2nd Reich

My revision notes made using Layton's "From Kaiser to Fuhrer" coursebook. This is for the 2nd Reich until the end of WW1. If there are any errors please let me know

The Constitution of the Second Reich

The Kaiser:

  • King of Prussia - Monarch (Wilhelm I `1871 - 1888, Wilhelm II 1888 - 1918)
  • Appointed / dismissed Chancellor, controlled army and foreign policy, could dissolve Reichstag

The Chancellor:

  • Appointed / dismissed by the Kaiser - Only answerable to Kaiser (didn't need Reichstag)
  • Chair of the Bundesrat (upper house)

The Bundesrat:

  • Federal Council (upper house)
  • 58 members sent by 25 state assemblies (Prussia had 17 members - enough to veto)

The Reichstag:

  • Lower house - voted every 5 years (3 years originally) by secret ballot (men over 25)
  • Limited power
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Strengths and Weaknesses of the Constitution

Strengths:

  • Backed by the German elites
  • Universal male suffrage
  • Autocratic state was efficient
  • Ran well if there was a good relationship between the Kaiser and the Chancellor

Weaknesses:

  • No sense of national identity - no flag
  • Chancellor more powerful than the elected Reichstag
  • Poor quality of Reichstag members from 1880 - no direction or strong leadership
  • Political structure dominated by the elites, particularly Prussians
  • The constitution was never redrawn to take urbanisation into account - rural areas were overrepresented
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Economic change

Economic growth:

  • Economy expanded 4.5% a year between 1890 and 1914
  • Coal and iron almost doubled
  • Trade as big as Britain by 1914
  • Steel production exceeded Britain by 1900

New industries:

  • Germany excelled in industries that used new technologies like chemicals, motors, electricals
  • 1913 - Germany produced half of world's electrical goods
  • Led the world in production of chemicals

Industrial economy:

  • More people worked in industry - contribution rose from 33% to 42%
  • More transport links (trains, trams etc)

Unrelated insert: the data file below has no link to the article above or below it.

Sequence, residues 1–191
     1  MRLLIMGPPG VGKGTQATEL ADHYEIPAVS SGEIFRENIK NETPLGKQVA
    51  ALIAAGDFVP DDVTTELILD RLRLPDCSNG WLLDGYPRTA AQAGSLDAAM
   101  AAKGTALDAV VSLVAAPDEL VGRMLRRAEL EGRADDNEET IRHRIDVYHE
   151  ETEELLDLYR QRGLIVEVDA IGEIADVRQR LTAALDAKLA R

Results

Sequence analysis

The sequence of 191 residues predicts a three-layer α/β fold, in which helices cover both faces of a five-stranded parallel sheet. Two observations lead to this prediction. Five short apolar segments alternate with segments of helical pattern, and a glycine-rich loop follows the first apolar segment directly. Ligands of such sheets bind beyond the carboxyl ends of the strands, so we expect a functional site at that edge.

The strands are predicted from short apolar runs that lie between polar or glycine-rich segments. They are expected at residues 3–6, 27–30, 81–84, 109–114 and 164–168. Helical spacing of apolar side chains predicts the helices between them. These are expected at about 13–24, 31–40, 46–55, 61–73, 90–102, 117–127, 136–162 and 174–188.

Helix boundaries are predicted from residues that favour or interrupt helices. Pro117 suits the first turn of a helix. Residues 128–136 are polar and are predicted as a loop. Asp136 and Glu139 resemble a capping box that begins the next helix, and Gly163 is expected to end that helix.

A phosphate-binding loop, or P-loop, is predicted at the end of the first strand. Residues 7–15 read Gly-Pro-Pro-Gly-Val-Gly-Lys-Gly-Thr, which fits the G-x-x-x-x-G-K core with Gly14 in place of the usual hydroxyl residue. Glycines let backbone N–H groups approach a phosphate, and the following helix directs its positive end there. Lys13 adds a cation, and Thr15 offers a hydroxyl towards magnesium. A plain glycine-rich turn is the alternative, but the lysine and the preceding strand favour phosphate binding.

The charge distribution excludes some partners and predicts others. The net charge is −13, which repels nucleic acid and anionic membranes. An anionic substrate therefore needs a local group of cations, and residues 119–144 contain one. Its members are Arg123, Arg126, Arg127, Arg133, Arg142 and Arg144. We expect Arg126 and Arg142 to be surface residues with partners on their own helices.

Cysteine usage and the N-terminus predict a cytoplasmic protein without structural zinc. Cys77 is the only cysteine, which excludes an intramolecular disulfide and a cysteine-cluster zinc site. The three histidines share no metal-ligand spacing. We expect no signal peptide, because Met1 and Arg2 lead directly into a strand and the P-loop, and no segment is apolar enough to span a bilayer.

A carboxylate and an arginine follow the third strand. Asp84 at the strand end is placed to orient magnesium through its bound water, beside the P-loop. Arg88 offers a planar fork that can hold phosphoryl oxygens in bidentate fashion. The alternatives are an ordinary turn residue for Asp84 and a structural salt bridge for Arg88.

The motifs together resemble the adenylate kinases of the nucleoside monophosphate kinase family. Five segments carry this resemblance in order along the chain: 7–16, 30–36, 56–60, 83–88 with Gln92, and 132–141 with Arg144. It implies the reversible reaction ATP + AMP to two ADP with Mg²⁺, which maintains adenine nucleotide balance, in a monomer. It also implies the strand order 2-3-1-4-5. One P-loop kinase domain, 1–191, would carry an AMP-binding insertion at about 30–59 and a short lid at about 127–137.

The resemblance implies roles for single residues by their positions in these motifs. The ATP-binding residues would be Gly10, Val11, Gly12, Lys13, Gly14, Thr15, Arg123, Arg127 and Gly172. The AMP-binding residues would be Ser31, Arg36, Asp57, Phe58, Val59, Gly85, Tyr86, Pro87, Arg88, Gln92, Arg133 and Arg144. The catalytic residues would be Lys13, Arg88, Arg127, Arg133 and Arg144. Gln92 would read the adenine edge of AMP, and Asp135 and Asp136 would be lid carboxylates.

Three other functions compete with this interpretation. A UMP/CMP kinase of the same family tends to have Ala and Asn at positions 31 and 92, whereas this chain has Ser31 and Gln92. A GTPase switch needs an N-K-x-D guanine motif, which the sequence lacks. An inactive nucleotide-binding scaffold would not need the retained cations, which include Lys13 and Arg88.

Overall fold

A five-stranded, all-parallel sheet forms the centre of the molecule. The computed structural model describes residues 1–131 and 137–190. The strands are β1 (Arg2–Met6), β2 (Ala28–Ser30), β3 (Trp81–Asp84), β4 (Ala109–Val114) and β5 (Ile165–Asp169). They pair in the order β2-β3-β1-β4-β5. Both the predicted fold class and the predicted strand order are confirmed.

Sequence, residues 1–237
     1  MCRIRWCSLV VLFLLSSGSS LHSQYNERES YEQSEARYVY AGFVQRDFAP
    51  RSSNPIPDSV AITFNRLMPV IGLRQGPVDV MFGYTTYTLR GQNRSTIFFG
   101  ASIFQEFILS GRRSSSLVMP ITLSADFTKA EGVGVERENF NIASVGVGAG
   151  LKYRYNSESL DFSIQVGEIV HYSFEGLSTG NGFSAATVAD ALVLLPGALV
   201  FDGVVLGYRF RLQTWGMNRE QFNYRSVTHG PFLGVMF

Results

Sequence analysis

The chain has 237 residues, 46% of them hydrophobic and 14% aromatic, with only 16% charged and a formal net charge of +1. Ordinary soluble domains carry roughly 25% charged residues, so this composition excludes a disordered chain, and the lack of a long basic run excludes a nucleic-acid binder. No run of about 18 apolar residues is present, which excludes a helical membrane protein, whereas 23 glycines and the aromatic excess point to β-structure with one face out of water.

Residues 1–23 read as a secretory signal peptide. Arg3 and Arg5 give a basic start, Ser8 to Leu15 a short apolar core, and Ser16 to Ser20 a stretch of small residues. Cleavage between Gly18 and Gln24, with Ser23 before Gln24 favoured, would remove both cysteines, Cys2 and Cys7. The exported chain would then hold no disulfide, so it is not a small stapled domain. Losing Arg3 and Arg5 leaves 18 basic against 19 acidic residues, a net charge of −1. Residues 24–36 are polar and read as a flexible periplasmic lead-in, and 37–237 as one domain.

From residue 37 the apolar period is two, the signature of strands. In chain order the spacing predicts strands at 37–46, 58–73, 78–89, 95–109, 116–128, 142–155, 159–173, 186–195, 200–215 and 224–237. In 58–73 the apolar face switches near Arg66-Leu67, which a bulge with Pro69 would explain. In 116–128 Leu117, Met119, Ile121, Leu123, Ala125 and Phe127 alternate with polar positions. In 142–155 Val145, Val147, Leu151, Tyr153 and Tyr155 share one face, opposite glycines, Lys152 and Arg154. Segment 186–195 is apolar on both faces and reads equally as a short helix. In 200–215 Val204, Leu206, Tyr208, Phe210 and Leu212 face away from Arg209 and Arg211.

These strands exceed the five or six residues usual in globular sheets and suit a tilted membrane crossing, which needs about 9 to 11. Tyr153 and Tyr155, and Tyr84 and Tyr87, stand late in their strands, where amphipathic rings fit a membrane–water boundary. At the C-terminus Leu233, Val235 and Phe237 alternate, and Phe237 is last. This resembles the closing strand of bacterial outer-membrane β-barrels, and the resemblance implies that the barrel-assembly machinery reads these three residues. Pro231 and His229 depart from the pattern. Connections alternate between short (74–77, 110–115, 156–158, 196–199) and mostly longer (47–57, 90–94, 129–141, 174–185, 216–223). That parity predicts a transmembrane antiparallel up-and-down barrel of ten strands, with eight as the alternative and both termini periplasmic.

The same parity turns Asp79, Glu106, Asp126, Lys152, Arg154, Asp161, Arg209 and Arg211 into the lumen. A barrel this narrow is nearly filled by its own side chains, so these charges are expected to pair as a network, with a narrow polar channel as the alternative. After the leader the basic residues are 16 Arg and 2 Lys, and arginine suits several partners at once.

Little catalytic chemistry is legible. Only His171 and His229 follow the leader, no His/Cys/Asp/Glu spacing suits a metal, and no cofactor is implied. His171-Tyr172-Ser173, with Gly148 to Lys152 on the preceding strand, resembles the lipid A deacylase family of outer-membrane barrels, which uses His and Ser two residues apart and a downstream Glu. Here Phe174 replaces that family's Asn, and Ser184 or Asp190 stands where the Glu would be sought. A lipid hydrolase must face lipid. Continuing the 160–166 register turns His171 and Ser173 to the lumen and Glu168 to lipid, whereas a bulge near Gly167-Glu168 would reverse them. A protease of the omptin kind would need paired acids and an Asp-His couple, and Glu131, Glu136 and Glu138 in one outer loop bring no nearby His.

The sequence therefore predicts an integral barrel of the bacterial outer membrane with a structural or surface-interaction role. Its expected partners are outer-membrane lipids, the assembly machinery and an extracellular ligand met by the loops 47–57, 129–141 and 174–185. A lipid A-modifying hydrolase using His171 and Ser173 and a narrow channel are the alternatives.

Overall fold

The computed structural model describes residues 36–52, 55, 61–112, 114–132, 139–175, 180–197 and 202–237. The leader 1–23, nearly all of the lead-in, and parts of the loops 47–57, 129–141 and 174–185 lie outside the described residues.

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Social impacts

Urbanisation:

  • New industry jobs in towns led to urbanisation
  • By 1910, 60% of Germans lived in towns - the highest rate in Europe
  • Berlin had over 2 million inhabitants
  • Cologne, Hamburg and Munich all had populations of over half a million
  • Urbanisation meant that many towns and cities were overcrowded with no running water - this in turn led to disease. This led to the government creating sewage systems with running water etc
  • The introduction of efficient sewage disposal decreased the infant mortality rate
  • Homelessness increased with urbanisation as houses couldn't be built quickly enough to keep up with the growing population
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Agriculture

Agriculture:

  • The fortunes of farmers fluctuated
  • Bismarck's Tariff Law 1879 - protected farmers
  • Growth in population increased demand
  • Improved chemical technology improved fertilisers meaning better crops
  • Refrigerated ships meant cheap meat could be imported, meaning german farmers suffered
  • The growth of the cities meant foreign workers had to be recruited to work in the countryside
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Causes of WW1 - Foreign Policy

German Foreign Policy:

  • Included nationalism, imperialism etc
  • Traditional historical view - no one country to blame for the war, the alliance system meant the European powers stumbled into conflict
  • Fischer thesis - 1961 - German government had a decisive share of the responsibility for the war - Germany wanted status as the world power - were they trying to provoke a war?
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Causes of WW1 - Alliances

The Alliance System:

  • Triple Alliance of 1882 between Germany, Austria-Hungary and Italy - agreed to help each other if attacked
  • Germany also kept on good terms with Russia with the Three Emperors' Alliance (1881) - although this lapsed they agreed to stay neutral in the event of war
  • Franco-Russian Alliance - 1894 - Meant Germany would have to fight on two fronts
  • Britain and Germany didn't get on because of the Kruger Telegram (1896) when Germany supported a British colony's independence (Transvaal)